Considering the above points, what would the story be if even half of conventional automaker models were electric models, and they were available in as many locations as their gas cousins, and the number of electric cars on a dealership lot was the same as the number of gasoline cars on a dealership lot, and EV advertising actually highlighted key consumer benefits of EVs?

Based on some rough assumptions and June 2016 US sales numbers, here are the electric vehicle sales totals I come up with for each brand (note: this isn’t anything like a projection — more like a “what if the assumptions above magically came to life overnight” scenario.):

Brand July 2016
Ford 161,201
Chevrolet 126,971
Honda 108,259
Toyota 108,094
Nissan 103,596
Jeep 54,399
Kia 37,543
Hyundai 37,131
BMW 24,527
Mercedes 23,669
Subaru 23,299
GMC 22,782
Ram 22,680
Dodge 22,410
Lexus 21,912
Volkswagen 19,047
Mazda 14,403
Chrysler 13,611
Audi 12,912
Cadillac 11,410
Acura 9,082
Buick 8,288
Infiniti 7,741
Volvo 5,918
Mitsubishi 5,857
Tesla 4,500
Lincoln 4,405
Mini 3,931
Land Rover 3,423
Scion 3,398
Porsche 3,362
Jaguar 2,057
Fiat 1,399
Maserati 847
Smart 163
Ferrari 84
Bentley 72
Lamborghini 69
Rolls Royce 51
Alfa Romeo 29

That would add up to 1,034,530 electric car sales in one month. That would be ~107 times more electric car sales than we had in the month of June.

How Automakers Might Be Able To Achieve Such Numbers

Those numbers might seem ridiculous. Well, they are. But if automakers stopped trying to delay EV adoption and actually tried to stimulated more of it, the story would be radically different than it is today. Below are some of the ways that automakers could increase EV sales dozens of times over.

  1. Offer more fully electric cars…

    As automakers run up against stronger and stronger fuel economy and emissions requirements, they are creating more and more plug-in hybrid electric models. These can be portrayed as “bridge” models to full electrification, but they certainly leave a lot to be desired, and Tesla stayed away from them for some obvious reasons. I think it was actually from typing in all of the low-range, small-battery, half-effort plug-in hybrids from certain automakers that I was triggered to write this article.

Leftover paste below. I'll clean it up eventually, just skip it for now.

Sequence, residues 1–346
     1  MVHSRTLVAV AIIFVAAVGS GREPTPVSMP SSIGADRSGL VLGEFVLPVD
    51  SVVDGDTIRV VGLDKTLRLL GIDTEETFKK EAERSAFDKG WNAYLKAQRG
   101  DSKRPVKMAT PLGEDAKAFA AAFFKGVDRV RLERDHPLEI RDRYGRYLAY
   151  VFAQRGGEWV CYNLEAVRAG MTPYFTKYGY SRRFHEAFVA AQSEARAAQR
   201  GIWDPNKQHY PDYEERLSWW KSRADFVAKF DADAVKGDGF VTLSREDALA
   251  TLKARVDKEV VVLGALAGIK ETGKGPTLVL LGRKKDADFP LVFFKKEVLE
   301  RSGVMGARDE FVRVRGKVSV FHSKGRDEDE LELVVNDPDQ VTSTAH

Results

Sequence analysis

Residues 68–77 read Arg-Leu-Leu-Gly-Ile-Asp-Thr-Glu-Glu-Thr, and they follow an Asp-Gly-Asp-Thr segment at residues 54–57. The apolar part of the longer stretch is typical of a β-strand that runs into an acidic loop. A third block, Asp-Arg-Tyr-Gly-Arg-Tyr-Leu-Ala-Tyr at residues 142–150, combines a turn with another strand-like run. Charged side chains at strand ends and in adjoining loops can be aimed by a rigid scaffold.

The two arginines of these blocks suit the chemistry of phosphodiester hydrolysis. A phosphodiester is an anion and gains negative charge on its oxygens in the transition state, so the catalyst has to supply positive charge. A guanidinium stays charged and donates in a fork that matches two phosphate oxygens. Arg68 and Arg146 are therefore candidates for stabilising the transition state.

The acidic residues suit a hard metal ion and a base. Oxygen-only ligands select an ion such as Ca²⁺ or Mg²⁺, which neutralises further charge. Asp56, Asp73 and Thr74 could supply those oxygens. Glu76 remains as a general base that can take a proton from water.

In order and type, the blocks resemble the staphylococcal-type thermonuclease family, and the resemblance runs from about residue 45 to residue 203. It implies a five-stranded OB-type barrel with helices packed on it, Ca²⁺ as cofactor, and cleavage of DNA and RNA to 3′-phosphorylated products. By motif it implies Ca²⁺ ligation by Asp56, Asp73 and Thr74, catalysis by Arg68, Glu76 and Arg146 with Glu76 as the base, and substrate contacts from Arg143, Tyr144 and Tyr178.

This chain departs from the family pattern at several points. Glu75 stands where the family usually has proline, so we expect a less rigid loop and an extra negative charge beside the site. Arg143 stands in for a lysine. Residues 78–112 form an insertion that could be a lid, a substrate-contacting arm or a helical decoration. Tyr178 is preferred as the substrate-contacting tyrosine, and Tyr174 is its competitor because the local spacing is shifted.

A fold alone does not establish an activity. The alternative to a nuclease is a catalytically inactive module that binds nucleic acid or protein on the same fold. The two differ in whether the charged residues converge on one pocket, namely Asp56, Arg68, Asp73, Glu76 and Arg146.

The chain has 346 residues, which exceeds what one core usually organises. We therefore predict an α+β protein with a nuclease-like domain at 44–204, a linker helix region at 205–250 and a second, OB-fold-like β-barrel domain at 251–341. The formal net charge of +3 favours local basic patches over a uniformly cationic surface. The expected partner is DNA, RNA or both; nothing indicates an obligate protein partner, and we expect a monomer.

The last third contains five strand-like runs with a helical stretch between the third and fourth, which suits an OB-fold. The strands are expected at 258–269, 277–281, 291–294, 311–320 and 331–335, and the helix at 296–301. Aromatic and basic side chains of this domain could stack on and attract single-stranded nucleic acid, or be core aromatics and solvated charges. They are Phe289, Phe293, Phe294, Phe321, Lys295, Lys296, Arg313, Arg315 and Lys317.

If the automakers were at least creating Volt-like drivetrains that offered pure electric driving and enough electric range for ~90% of trips, that would be one thing, but they are creating plug-in hybrids with 6–15 miles of electric range…. The “instant torque” fun and convenience is greatly limited by a smaller battery, not making it so obvious to consumers why they should pay extra for a plug and battery.

    Speaking of cost-competitiveness, the problem with PHEVs is that they are essentially two cars in one. Incorporating an electric and gasoline drivetrain increases the cost of the car, which scares away many a buyer who decides she/he would rather save a few thousand dollars and get an Audi A3 than an Audi A3 e-tron, as just one example. Again, with a small battery, the slightly better acceleration, convenience of home charging, and fuel savings don’t go far in convincing the average buyer that a plug and a battery are worth a few thousand dollars.

  2. You know, actually explain what’s cool about electric cars…

    I’ve criticized quite a few electric car commercials over the years, and when I first drove some electric cars (not even Teslas), I was inspired to write an article titled, “Electric Cars Are Totally Bloody Awesome (Missed Messaging).” Unfortunately, I haven’t seen much (any?) sign of progress since that 2013 article. EV ads tend to focus either on the “hippie green” angle (I’m all about hippie green, but that’s a weak focus if you really want to move EVs off lots) or some generic message that doesn’t really even target anyone.

    As I say in presentation after presentation after presentation after presentation, and article after article, there are two awesome things about electric cars that both Al Gore and James Inhofe can appreciate: instant torque (which is fun and also cuts the stress of driving) and convenient home charging (you get home, you spend 2–3 seconds plugging in … or not, and then you do whatever the heck you want — you don’t have to regularly find a gas station, get off the highway in the midst of a trip, get out of the car and pump some smelly gas, pay for the gas, get back in the car, get back on the highway, and finally resume your trip).